Jim Chase is an award-winning advertising copywriter and lifetime CV resident. Find him online at

Categories: Viewpoints

2 Responses for “Charity begins at … the grocery store?”

  1. Rob Forgette says:

    While I totally understand where you’re coming from Jim, the lack of funds, the never ending bombardment with requests to donate to this or that. Try to understand people aren’t willing to simply donate in other situations. These days, it takes the placement of donation boxes and the like where people actually have their change in hand. This is why you notice such a presence in your local grocery store. Other places like liquor stores, water marts, donut shops and so on, are also places with similar attributes. The customer wont dig into pocket to donate, but is inclined to do so PRIOR to putting the spare change into pocket. These days, people just won’t go out of their way to support charity. Some do (the well to do’s) but others (the rest of us) have to be given the forum to do it. The fact is, these charitys need your help badly. I happen to be co founder of a charity called Help 4 The Hopeless. We support only Non Profits. We have to be stratigic with placement of our donation boxes. If we didn’t exist, the actual charity we collect for wouldn’t be effective. Did you know, grocery stores are the best place to collect donations? In comparison to let’s say, a donut shop, grocery stores clients generate about 1,600.00 on average per month with cans placed at 8 registers. A donut shops clients in that same month will generate maybe 20.00 if we’re lucky and other times no more than maybe 5.00. Our mission is to support the Non Profits the best way we know how and there’s a serious need for our services. I ask you to consider this… Put yourself in the shoes of the truly needy and realize, you may be broke or near it all month, but can you really say you don’t have even .50 cents to help out? You call yourself broke and I respect that, but you’re not needy as the ones we support are you? Perhaps you re-evaluate your position as someone who’s broke, as if that’s the worst thing you could be and consider the fact that you can help those less fortunate. You’re not needy, nor are you suffering the way these people whom are our brothers and sisters on this earth. Consider the fact that we pay nearly $20.00 per box you see posted at each register, we spend 6-8 hours a day walking business to business asking if we may have a space near their registers. We spend countless gallons of gas driving place to place. No one pays us for our efforts, but we do collect a percentage for the work we do. It’s not much. In fact, we too are broke at the end of the day just like you. So, if being asked to donate when you’re broke bothers you, try to spend a month in our shoes as the ones who make that 30 second annoyance to get people just like yourself to make a difference. You have the easy part and your complaining? I just don’t get it. I respect your opinion, but I think you’re not thinking outside your little box. Seems it would be easier to help others when you can, than sit and write about how annoying it is. Wouldn’t you agree? That’s all. Thanks for your time and consideration.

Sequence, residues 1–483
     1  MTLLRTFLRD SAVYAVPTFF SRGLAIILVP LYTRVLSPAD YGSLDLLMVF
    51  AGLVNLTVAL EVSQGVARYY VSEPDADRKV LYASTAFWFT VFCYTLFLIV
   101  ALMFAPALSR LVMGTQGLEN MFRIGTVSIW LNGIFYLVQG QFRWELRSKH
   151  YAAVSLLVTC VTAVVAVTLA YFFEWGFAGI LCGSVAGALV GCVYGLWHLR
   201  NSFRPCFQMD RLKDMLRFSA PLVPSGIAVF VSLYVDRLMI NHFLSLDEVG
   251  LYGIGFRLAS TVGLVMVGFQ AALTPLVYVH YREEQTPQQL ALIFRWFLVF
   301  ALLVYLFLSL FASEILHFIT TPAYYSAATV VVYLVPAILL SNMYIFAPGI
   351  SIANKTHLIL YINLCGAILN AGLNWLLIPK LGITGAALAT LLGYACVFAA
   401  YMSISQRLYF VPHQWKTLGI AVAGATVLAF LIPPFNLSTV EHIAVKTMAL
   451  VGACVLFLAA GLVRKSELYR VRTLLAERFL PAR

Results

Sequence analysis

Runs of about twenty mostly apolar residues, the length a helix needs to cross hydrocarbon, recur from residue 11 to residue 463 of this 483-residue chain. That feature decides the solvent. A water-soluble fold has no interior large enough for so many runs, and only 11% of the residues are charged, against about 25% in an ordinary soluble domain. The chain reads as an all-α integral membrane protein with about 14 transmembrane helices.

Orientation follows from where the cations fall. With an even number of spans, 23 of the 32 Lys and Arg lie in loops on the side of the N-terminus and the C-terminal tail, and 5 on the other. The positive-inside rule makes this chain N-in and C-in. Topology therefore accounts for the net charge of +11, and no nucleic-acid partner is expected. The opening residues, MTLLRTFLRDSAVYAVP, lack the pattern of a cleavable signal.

Rob Forgette
    Co-Founder: Help 4 the Hopeless

    • Charles Anderson says:

      Being the cynic I am, I have often asked myself what the grocery stores get out of this. Maybe I am wrong but there must be some financial advantage for the business in terms of write-offs or deductions for all the money they collect for donations. It would be interesting to see an investigative reporter look into this and “follow the money trail”. In my particular store, not only do I have the same experience as you but whenever someone makes a donation, one of the cashiers announces it to everyone in line and asks everyone to applaud. We already donate to several charities via mail every year at home and no one applauds us or calls to say “thanks”.